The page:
Office Manager Of Human Resources
6 Yearsyrs
Credit Analyst Credit Manager
Credit And Collection Manager
7 Yearsyrs
Billing Specialist Team Leader Branch Manager
Manager, Assistant Vice President
7 Yearsyrs
Billing Specialist Team Leader Customer Service Manager
Call Center Manager
6 Yearsyrs
Billing Specialist Staff Accountant
Accounts Receivable Supervisor
5 Yearsyrs
Billing And Insurance Coordinator Medical Coder Billing Manager
Accounts Receivable Manager
6 Yearsyrs
Billing And Insurance Coordinator Billing Analyst Billing Manager
Revenue Manager
8 Yearsyrs
Billing And Insurance Coordinator Executive Assistant Customer Service Manager
Collections Manager
5 Yearsyrs
Coordinator Analyst Underwriter
Credit Manager
5 Yearsyrs
Accounts Receivable Clerk Accounts Receivable Analyst
Senior Accounts Receivable Analyst
7 Yearsyrs
Accounts Receivable Clerk Accounts Receivable Supervisor Billing Supervisor
Patient Account Manager
7 Yearsyrs
Accounts Receivable Clerk Accounts Receivable Analyst Credit And Collections Analyst
Senior Collection Specialist
5 Yearsyrs
Collections/Accounts Receivable Credit And Collections Analyst
Senior Accounts Receivable Specialist
7 Yearsyrs
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Help others decide if this is a good career for them

Average Length of Employment
Collection Analyst 2.9 years
Account Specialist 2.7 years
Bill Collector 2.7 years
Top Careers Before Collections Coordinator
Collector 5.2%
Cashier 4.7%
Internship 2.9%
Top Careers After Collections Coordinator
Collector 4.9%
Cashier 3.6%
Manager 2.7%
Supervisor 2.5%

Do you work as a Collections Coordinator?

Collections Coordinator Demographics

Gender

Female

64.6%

Male

23.1%

Unknown

12.3%
Ethnicity

White

60.2%

Hispanic or Latino

18.9%

Black or African American

11.6%

Asian

6.0%

Unknown

3.2%
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Foreign Languages Spoken

Spanish

72.8%

French

8.6%

Portuguese

6.2%

German

2.5%

Gujarati

1.2%

Japanese

1.2%

Braille

1.2%

Carrier

1.2%

Hindi

1.2%

Tagalog

1.2%

Russian

1.2%

Polish

1.2%
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Collections Coordinator Education

Schools

University of Phoenix

25.0%

Kaplan University

6.5%

Strayer University

5.8%

Ohio State University

4.6%

Cardinal Stritch University

4.2%

University of Akron

4.2%

Miami Dade College

4.2%

University of Wisconsin - Milwaukee

4.2%

University of Maryland - University College

3.8%

Georgia State University

3.8%

Columbus State Community College

3.8%

Ashford University

3.5%

American InterContinental University

3.5%

Portland State University

3.5%

Suffolk County Community College

3.5%

Hofstra University

3.5%

Nassau Community College

3.1%

Kent State University

3.1%

Marquette University

3.1%

Stark State College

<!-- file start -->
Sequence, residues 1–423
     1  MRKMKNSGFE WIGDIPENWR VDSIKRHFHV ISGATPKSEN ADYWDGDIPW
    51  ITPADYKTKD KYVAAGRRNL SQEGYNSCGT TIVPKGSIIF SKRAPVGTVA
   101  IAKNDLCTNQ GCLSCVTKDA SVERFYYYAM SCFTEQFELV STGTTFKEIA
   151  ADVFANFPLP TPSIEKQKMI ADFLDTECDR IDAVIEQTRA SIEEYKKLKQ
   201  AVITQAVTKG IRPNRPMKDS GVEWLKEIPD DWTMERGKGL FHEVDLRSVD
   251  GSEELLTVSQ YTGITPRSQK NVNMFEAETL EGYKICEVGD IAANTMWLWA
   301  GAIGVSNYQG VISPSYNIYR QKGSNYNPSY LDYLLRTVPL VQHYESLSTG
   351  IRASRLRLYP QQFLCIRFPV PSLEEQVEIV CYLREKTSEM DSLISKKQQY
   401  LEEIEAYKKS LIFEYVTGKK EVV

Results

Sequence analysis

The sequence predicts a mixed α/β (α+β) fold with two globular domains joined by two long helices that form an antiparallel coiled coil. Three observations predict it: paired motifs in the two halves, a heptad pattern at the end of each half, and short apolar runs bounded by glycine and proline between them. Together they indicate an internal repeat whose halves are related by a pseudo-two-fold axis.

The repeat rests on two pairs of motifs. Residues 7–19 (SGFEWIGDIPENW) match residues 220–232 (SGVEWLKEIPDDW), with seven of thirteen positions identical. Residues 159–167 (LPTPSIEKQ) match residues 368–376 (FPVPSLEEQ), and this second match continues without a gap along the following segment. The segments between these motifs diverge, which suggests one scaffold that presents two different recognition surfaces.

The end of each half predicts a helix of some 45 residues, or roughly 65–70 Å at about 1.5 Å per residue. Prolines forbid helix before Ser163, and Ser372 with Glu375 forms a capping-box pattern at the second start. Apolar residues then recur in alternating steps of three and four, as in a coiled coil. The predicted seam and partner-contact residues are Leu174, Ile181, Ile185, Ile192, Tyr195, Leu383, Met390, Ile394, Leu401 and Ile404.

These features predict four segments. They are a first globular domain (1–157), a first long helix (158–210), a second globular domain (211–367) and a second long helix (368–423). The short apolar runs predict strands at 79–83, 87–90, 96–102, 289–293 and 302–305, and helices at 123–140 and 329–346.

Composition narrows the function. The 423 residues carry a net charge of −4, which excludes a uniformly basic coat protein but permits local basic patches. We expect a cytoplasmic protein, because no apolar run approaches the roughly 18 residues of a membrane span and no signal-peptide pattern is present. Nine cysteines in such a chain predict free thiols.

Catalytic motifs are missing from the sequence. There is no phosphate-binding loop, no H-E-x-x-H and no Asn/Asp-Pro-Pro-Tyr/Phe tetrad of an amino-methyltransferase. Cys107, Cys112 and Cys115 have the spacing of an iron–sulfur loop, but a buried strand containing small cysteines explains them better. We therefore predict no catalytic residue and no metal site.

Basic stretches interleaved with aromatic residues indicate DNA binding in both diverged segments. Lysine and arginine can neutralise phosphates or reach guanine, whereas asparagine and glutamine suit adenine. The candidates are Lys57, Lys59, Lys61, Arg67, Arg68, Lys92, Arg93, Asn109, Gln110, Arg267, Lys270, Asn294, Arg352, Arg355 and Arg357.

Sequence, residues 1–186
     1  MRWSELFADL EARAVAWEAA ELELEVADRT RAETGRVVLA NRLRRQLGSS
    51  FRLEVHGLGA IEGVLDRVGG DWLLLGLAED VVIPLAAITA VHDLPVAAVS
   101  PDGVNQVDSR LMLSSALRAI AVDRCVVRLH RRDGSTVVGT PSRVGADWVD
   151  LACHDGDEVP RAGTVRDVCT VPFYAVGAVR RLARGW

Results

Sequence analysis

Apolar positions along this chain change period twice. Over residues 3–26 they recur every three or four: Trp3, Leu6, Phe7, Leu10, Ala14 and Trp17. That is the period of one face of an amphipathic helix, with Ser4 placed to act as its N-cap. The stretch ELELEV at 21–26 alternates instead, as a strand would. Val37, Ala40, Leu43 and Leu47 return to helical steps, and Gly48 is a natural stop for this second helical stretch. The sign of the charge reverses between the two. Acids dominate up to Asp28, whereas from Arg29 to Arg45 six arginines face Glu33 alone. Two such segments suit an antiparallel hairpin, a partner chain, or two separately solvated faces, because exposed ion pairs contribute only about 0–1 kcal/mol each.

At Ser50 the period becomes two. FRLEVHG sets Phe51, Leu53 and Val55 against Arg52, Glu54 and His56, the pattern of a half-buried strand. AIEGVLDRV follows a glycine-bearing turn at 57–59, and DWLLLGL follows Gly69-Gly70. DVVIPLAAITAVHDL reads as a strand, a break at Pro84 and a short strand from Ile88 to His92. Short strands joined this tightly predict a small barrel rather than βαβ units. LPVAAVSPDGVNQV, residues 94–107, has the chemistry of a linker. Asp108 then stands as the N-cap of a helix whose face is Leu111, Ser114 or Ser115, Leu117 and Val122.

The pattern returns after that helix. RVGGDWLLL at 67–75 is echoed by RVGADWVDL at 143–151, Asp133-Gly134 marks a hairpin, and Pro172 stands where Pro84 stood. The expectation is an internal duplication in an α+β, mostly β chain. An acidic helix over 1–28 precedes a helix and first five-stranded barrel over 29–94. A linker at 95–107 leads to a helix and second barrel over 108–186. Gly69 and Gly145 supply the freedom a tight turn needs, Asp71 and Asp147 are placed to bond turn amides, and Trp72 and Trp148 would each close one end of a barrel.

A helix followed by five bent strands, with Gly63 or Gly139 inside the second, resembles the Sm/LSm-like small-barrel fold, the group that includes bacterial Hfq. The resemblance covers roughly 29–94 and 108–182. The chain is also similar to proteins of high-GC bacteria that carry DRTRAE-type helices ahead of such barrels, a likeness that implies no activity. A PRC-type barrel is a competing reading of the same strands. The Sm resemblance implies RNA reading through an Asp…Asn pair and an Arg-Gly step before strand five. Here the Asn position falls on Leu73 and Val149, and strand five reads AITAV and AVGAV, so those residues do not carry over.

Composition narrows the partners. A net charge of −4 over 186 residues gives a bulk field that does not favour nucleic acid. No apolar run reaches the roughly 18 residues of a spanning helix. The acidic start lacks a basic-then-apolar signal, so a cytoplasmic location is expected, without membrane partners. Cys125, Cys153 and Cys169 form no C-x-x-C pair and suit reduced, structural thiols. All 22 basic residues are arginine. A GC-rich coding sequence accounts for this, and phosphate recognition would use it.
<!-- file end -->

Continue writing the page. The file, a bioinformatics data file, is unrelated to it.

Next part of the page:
3.1%
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Majors

Business

38.8%

Accounting

13.8%

Health Care Administration

8.7%

Management

4.1%

Finance

3.8%

Psychology

3.2%

Medical Assisting Services

2.9%

Communication

2.7%

Nursing

2.2%

Criminal Justice

2.2%

Human Resources Management

2.2%

Liberal Arts

2.1%

Education

2.0%

Marketing

2.0%

English

1.9%

General Studies

1.8%

Legal Support Services

1.5%

Political Science

1.5%

Computer Information Systems

1.4%

Computer Science

1.3%
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Degrees

Bachelors

35.5%

Other

30.1%

Associate

13.7%

Masters

11.2%

Certificate

6.2%

Diploma

1.8%

License

0.8%

Doctorate

0.8%
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Job type you want
Full Time
Part Time
Internship
Temporary
Average Yearly Salary
$42,000
View Detailed Salary Report
$28,000
Min 10%
$42,000
Median 50%
$42,000
Median 50%
$42,000
Median 50%
$42,000
Median 50%
$42,000
Median 50%
$42,000
Median 50%
$42,000
Median 50%
$61,000
Max 90%
Highest Paying City
Dover, DE
Highest Paying State
District of Columbia
Avg Experience Level
3.4 years
How much does a Collections Coordinator make at top companies?
The national average salary for a Collections Coordinator in the United States is $42,163 per year or $20 per hour. Those in the bottom 10 percent make under $28,000 a year, and the top 10 percent make over $61,000.

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Top Skills for A Collections Coordinator

  1. Payment Arrangements
  2. Insurance Companies
  3. Customer Service
You can check out examples of real life uses of top skills on resumes here:
  • Supervised two 30-day collectors and cash application person, and established payment arrangements.
  • Contacted with insurance companies regarding outstanding claims.
  • Conducted performance reviews for all Customer Service Representatives to reduce resolution time and improve customer satisfaction rates.
  • Provide financial statements as requested by Manpower customers both internal and external.
  • Reduced accounts receivables through customer account management and collaboration with branch personnel.

How Would You Rate Working As a Collections Coordinator?

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Top Collections Coordinator Employers